Review: Think Like a Rocket Scientist
by Jeff Foust
|Longuski uses chapters not only to describe the thinking processes of rocket scientists, but also, on occasion, to level some criticism at NASA and the shuttle program in particular.|
Longuski, a professor of aeronautics and astronautics at Purdue, states the seven secrets in the form of simple action verbs: dream, judge, ask, check, simplify, optimize, and do. In other words, when faced with a particular problem or challenge, rocket scientists brainstorm potential solutions, analyze them relentlessly to find the most promising approaches, simplify and optimize them as much as possible to fit the problem at hand, and then implement them. Simple enough, it seems, but already this is more complex than the current bestselling self-help pablum on the bookshelves, The Secret, which simply advises people to imagine what they desire and, if they visualize it hard enough, it will come true. Maybe this is rocket science, after all…
Each of the seven “secrets” gets its own section in the book, each composed of brief chapters (none more than a few pages long) with specific suggestions: the section on “check”, for example, includes chapters titled “Do a Sanity Test” and “Check Your Arithmetic”. All these tips are illustrated with anecdotes, many from Longuski’s career at Purdue and, earlier, JPL. Longuski uses these chapters not only to describe the thinking processes of rocket scientists, but also, on occasion, to level some criticism at NASA and the shuttle program in particular. The shuttle and its flaws, he believes, are evidence that NASA abandoned the rigorous processes that got the agency to the Moon in the 1960s. “It is time,” he advises at the end of the book, “for NASA to start thinking like rocket scientists again.”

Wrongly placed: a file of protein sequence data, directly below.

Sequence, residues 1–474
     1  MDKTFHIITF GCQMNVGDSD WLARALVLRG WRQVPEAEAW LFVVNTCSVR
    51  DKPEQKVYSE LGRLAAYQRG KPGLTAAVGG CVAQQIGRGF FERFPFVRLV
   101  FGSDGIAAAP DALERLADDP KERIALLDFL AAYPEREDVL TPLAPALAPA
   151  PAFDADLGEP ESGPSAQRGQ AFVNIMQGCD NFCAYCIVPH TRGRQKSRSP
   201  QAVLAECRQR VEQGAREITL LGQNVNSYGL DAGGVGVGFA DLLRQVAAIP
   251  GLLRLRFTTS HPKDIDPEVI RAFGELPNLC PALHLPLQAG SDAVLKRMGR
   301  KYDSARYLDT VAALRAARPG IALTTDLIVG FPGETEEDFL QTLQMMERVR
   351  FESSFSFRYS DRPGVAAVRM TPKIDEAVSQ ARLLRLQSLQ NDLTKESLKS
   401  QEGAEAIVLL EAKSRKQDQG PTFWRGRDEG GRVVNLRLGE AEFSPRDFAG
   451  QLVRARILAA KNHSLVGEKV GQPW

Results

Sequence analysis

It’s interesting that, today, NASA still retains its image as a high-tech agency even though large fractions of its budget are spent on programs like the shuttle that are on the trailing edge, rather than the leading edge, of technological innovation. Likewise, “rocket science” and “rocket scientist” still retain their connotations as complex fields and intelligent people today, even as more people go into fields like biotechnology and nanotechnology that are every bit as complex and demanding as aerospace. That said, The Seven Secrets of How to Think Like a Rocket Scientist offers a good approach to successfully handling challenges in any advanced field, not just rocket science. In other words, you don’t have to be a rocket scientist to think like one.